Bringing Positive Attitude to Stretch Run
Last week was a trying one for at least one
member of the Michigan Tech Huskies, on and off the ice.
But a positive attitude led to an on-ice point where there
otherwise might have been none to be had.
Tech's Lars Helminen dealt with a death in his family,
and then returned to the lineup to help the Huskies
to a tie at Minnesota State.
Huskies senior defenseman Lars Helminen had
barely come down from his team getting a win and tie versus
Colorado College when a call from suburban Detroit that
nobody wants to field came from his parents.
"I got a call Monday morning from my
mother telling me that my grandpa was really ill, and it
could be two hours or two days," Helminen said. "I
was up (in Houghton) and got the call and took a trip downstate
for the wake and the funeral."
His 77-year-old paternal grandfather was laid
to rest on Friday morning, and just a few hours later Helminen
was on a plane bound for Minnesota. He got to Mankato a
few hours before the Huskies game with Minnesota State,
and wasted no time getting into the action. Helminen had
one assist and hit the pipe at least once as Tech rallied
from an early 2-0 hole for a 2-2 tie.
"He logs a ton of ice time for us,"
said Huskies coach Jamie Russell after the game. "He's
skating so well and he's done that his whole career. He's
bringing the puck up ice with so much confidence and is
great at leading by example."
Russell said the defenseman's play, and mindset,
is a perfect example of the attitude he tries to instill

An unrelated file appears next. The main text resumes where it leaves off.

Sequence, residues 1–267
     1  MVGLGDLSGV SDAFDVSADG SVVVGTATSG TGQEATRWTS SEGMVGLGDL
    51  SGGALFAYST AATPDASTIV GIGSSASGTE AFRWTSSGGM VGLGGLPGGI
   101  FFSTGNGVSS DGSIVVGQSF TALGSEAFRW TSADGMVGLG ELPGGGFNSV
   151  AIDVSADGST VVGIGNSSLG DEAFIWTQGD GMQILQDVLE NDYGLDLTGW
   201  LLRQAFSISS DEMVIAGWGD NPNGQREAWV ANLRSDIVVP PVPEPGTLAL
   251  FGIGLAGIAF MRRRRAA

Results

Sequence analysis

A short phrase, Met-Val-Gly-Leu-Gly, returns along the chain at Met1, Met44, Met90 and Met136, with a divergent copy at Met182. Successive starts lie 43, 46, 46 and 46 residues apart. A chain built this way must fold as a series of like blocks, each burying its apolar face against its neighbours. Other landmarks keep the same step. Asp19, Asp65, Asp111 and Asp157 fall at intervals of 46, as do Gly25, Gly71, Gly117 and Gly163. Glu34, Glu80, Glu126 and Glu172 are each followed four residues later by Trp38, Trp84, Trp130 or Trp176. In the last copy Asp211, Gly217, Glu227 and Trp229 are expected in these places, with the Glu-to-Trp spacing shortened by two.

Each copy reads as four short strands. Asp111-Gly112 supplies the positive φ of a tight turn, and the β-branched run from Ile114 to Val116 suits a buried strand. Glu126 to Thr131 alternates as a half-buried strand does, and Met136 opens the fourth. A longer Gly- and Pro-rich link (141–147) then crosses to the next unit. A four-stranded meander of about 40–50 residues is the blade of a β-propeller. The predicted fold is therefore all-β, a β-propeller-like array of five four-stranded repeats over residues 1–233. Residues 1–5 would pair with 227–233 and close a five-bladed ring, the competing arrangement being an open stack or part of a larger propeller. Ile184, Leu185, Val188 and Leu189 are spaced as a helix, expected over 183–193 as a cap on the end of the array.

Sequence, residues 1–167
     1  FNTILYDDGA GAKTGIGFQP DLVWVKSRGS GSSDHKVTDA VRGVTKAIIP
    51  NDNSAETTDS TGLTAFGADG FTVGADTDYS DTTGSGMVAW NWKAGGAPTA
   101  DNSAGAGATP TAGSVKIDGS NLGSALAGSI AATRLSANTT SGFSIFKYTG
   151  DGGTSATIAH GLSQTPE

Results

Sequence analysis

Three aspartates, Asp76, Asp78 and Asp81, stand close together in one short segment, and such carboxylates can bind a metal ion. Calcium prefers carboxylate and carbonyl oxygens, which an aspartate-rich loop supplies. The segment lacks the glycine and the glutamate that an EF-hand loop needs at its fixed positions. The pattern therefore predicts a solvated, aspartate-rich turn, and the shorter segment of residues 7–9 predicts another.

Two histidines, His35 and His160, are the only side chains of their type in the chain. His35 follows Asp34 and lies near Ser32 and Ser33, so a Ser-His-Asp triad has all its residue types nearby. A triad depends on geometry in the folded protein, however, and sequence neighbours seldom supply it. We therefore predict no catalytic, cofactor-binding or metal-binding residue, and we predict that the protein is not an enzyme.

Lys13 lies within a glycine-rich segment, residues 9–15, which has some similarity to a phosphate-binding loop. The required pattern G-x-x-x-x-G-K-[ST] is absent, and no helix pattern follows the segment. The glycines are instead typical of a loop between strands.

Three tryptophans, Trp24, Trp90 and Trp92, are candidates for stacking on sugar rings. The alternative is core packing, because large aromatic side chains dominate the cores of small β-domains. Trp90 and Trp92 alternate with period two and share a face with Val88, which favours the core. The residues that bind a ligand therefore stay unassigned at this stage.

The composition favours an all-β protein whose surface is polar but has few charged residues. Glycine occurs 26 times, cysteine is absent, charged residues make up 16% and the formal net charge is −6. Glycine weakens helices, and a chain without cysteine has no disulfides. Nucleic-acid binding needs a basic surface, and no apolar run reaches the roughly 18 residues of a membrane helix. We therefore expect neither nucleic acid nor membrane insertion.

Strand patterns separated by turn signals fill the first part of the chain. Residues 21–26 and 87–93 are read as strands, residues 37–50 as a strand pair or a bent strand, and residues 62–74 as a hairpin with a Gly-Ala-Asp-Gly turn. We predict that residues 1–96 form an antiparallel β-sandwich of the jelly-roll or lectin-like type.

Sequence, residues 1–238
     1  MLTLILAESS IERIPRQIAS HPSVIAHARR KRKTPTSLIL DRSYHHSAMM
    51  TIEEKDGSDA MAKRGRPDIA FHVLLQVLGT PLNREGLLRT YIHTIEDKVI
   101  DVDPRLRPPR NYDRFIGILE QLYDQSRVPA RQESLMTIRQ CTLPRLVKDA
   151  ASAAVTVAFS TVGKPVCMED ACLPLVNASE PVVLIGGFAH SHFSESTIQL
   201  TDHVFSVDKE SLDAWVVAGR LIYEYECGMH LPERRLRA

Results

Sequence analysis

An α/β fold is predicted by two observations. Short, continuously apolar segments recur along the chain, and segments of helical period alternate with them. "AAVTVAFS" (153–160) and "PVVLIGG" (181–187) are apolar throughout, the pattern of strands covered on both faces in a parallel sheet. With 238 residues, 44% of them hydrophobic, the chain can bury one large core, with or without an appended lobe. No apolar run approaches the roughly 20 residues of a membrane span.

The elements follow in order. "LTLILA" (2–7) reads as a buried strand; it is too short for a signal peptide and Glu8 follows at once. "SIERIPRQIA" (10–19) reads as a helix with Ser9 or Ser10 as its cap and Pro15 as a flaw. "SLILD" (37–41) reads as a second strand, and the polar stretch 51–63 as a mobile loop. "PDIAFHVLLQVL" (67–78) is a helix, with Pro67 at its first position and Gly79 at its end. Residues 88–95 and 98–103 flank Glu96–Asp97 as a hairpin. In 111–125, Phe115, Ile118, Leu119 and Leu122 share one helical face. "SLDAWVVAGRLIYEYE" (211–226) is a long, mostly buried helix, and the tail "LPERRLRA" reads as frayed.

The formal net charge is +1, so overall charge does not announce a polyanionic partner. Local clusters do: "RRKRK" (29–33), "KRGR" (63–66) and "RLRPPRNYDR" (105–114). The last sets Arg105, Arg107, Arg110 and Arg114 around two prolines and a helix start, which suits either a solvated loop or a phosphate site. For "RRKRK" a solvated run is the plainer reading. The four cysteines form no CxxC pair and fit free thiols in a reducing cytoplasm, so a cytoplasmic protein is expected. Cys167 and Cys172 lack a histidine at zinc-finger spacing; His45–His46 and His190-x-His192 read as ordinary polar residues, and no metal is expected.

"We're a team that plays on emotion and
it's got to be positive emotion. Kicking the boards and
banging your stick on the ice isn't going to help anybody,"
Russell said. "With what he's gone through with a death
in the family and a busy couple days, as the game wore on
he was stronger and stronger."
The Huskies suffered a tough overtime loss
the next night, but head into the final month of the season
still fighting for their first home ice position in more
than a decade. And a chance of wearing white sweaters in
the playoffs seems to inspire all of the positive emotion
that this team needs.
SEEN AND HEARD IN THE WCHA
Shorties are the specialty in Mankato:
Minnesota State coach Troy Jutting gives his penalty killers
permission to stay up high instead of sucking in toward
the net. The result so far has been a league-high seven
short-handed goals for the Mavericks this year.
Last Friday versus Michigan Tech, with the
Mavs already leading 1-0 and killing a penalty, Jon Kalinski
waited until a pass was en route from Huskies defenseman
Drew Dobson to Lars Helminen, then pounced on the play.
"I caught (the puck) at the same time
the guy came through," Helminen said. "I didn't
even see him coming and as soon as I got the puck, the guy
was already past me."
Kalinski came in all alone on Huskies goalie
Michael-Lee Teslak from the far blue line, and thwarted
the poke-check attempt to score his 13 goal of the season,
and fourth short-hander, which ties him for the NCAA lead
and tied a school single-season record. In his normal understated
way, the Mavs coach likes what he sees.
"Our penalty kill has been really good,"
said Troy Jutting. "We've been creating opportunities
Bulldogs feeling better:
Minnesota Duluth pulled off an impressive road win in Denver
last Saturday, grabbing an early lead and holding off several
attempts to rally by the Pioneers. The Bulldogs coach says
a full lineup is the key to his team playing better in the
last few weeks.
"We're healthy for the first time all